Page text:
Aluminum sheet and plate in metric sizes

Discussion in 'Metal Boat Building' started by Daniel Lance, May 5, 2009.

  1. Daniel Lance
    Joined: Feb 2006
    Posts: 3
    Likes: 0, Points: 0, Legacy Rep: 10
    Location: Bayboro, NC

    Daniel Lance New Member

    Does anyone know of any Aluminum Suppliers in eastern Canada that stock marine grade ( 5086 or 5083 ) sheet and plate ? All the Suppliers I have contacted in the eastern and southern U.S. do not .
     
  2. marshmat
    Joined: Apr 2005
    Posts: 4,127
    Likes: 148, Points: 0, Legacy Rep: 2043
    Location: Ontario

    marshmat Senior Member

    Hi Daniel,

    Is there a particular reason you must have metric-dimensioned plate?

    I cannot think of many situations where it would be particularly problematic to substitute an inch-dimensioned plate of very nearly the same thickness. For instance, 1/4" plate ought to be an OK substitute for 6mm in most applications, since it is only 0.014" thicker than 6mm plate.
     
  3. Daniel Lance
    Joined: Feb 2006
    Posts: 3
    Likes: 0, Points: 0, Legacy Rep: 10
    Location: Bayboro, NC

    Daniel Lance New Member

    Matt,
    Thanks for the reply. I bought a set of plans from Mike Waller of Queensland Australia for a 13m Aluminum Powercat. The boat is designed using metric thickness sheet, plates angle flat bar and square tube. Bare weight of just the hull is around 6526Kg. It is my belief that deviating from "as designed" could incur a weight penalty at best and possible structural deficiencies at worst. I really need to achieve the performance the architect intended.
    Daniel
     
  4. Luckless
    Joined: Mar 2009
    Posts: 158
    Likes: 7, Points: 18, Legacy Rep: 105
    Location: PEI, Canada

    Luckless Senior Member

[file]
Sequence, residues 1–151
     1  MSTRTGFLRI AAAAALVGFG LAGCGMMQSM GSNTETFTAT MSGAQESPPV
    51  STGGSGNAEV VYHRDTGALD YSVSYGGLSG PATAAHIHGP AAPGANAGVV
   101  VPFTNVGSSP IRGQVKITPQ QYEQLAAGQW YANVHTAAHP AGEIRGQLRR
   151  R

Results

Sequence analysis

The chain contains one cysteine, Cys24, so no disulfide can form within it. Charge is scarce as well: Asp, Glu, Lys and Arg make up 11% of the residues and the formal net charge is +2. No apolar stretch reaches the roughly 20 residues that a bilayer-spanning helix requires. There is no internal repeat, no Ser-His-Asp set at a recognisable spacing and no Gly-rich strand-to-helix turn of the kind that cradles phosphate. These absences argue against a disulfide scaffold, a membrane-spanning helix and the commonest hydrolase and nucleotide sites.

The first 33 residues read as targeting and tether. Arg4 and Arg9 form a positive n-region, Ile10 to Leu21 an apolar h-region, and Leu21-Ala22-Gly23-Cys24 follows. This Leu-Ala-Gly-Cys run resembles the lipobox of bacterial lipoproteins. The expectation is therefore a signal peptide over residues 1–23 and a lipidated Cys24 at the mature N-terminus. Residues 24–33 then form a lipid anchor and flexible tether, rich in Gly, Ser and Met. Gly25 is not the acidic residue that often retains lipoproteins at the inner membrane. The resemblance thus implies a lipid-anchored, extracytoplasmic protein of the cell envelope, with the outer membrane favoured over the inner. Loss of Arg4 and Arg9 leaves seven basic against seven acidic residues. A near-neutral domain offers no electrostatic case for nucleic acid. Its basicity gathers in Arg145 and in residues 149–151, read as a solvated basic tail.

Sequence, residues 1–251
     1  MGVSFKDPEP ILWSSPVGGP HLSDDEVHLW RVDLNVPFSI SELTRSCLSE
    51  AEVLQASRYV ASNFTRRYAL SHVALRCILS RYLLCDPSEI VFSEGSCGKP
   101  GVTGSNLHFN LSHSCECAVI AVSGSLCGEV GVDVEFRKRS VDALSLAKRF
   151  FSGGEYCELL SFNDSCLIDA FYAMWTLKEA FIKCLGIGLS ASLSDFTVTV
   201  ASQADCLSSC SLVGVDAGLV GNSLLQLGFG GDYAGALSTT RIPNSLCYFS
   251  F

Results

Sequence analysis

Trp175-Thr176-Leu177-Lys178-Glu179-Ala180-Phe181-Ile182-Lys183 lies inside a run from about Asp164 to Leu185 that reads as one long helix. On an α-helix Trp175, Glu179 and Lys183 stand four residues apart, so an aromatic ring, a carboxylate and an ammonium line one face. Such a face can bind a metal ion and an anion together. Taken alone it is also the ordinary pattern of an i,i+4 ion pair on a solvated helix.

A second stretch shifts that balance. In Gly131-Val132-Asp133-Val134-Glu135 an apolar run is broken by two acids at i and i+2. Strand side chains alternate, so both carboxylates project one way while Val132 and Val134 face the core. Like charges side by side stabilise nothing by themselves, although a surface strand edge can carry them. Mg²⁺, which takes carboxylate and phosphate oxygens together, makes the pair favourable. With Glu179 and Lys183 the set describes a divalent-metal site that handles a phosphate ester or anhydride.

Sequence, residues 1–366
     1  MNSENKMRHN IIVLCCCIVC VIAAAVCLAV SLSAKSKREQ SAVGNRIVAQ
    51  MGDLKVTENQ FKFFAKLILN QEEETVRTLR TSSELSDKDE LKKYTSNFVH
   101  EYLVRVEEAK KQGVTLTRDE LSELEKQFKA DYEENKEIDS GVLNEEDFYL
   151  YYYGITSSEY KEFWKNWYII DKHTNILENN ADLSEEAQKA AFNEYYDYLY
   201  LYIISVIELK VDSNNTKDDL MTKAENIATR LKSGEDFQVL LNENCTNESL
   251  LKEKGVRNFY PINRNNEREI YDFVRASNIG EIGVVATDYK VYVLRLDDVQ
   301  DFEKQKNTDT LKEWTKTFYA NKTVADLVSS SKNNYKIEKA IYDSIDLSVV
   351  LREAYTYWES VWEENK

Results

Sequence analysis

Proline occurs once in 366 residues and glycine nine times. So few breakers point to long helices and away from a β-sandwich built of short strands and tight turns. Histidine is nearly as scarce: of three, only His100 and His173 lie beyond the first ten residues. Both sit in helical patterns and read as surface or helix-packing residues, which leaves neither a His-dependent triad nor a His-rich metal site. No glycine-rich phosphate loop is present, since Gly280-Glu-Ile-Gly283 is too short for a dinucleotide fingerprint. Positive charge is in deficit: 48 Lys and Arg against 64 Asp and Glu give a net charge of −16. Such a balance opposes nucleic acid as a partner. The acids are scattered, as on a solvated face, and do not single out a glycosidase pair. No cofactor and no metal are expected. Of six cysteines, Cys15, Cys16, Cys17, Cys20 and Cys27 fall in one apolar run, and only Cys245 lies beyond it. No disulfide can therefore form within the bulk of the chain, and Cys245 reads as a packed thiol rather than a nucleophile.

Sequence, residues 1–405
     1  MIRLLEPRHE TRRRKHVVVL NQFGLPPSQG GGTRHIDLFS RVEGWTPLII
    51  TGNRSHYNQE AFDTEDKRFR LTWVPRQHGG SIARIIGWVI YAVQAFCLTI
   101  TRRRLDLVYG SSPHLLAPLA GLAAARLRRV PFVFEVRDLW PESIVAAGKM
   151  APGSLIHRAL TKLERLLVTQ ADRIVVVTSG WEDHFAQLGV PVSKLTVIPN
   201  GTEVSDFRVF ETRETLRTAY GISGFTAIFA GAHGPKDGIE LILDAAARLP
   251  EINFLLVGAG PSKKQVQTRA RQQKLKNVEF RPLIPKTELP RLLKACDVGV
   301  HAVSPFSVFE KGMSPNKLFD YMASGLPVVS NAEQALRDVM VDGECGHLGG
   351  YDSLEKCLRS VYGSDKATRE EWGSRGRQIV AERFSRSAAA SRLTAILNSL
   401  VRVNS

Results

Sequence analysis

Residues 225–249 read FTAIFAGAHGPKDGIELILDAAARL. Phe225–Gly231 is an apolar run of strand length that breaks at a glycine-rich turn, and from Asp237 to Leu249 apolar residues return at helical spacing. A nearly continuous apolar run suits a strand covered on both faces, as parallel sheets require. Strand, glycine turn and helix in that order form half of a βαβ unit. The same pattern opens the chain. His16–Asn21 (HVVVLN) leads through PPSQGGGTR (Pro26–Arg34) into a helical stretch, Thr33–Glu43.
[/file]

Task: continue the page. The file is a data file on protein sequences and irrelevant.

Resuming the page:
Contact the architect and talk to them about it. Often sheet metal is produced with a fairly large variance from the stated thickness, so talk to the architect about the impact it will have.

    At the very least any decent sized metal yard should be able to hook you up if you're willing to pay a little extra to get stuff they don't normally stock.
     
  5. Daniel Lance
    Joined: Feb 2006
    Posts: 3
    Likes: 0, Points: 0, Legacy Rep: 10
    Location: Bayboro, NC

    Daniel Lance New Member

    Matt and Luckless,
    Thank you both for the advice. I will contact the architect and ask his opinion. It is my desire to do the best job possible when constructing my boat and not do anything I will regret later.
     
  6. Clifford Barney
    Joined: Aug 2009
    Posts: 1
    Likes: 0, Points: 0, Legacy Rep: 10
    Location: Manassas, VA

    Clifford Barney New Member

    I have a large quantity (10 tons) of aluminum 5086 from a U.S. Navy warship in Louisiana. I don't know the thickness yet, but we're scheduled to begin breaking it up next week. There is the potential for cut-to-spec for DIY boat builders. Contact me if interested.
     

  7. Guest62110524

    Guest62110524 Previous Member

    there will be almost no weight addition at all, your 5/32 is almost same as our 4mm, yout 3/16 a touch thinner than our 5, your 1/4 is 6.25mm and so on, one inch is 25.4m, you can work it from there
    in other words, 5/32 is 3.9 mm, ten thou under
    you are better with 1/8th than 3mm. it is .125 inch thicker and will work with less distortion
     
Loading...
Similar Threads
  1. Suspended Animations
    Replies:
    2
    Views:
    1,620
  2. Kemmer
    Replies:
    3
    Views:
    331
  3. cthippo
    Replies:
    20
    Views:
    810
  4. Ry Scott
    Replies:
    40
    Views:
    1,059
  5. jwells11
    Replies:
    58
    Views:
    2,080
  6. Pen Gwyn
    Replies:
    37
    Views:
    1,060
  7. fpjeepy05
    Replies:
    50
    Views:
    2,942
  8. Shawn_Laughlin
    Replies:
    5
    Views:
    1,200
  9. DCockey
    Replies:
    0
    Views:
    1,071
  10. DCockey
    Replies:
    8
    Views:
    1,515
Forum posts represent the experience, opinion, and view of individual users. Boat Design Net does not necessarily endorse nor share the view of each individual post.
When making potentially dangerous or financial decisions, always employ and consult appropriate professionals. Your circumstances or experience may be different.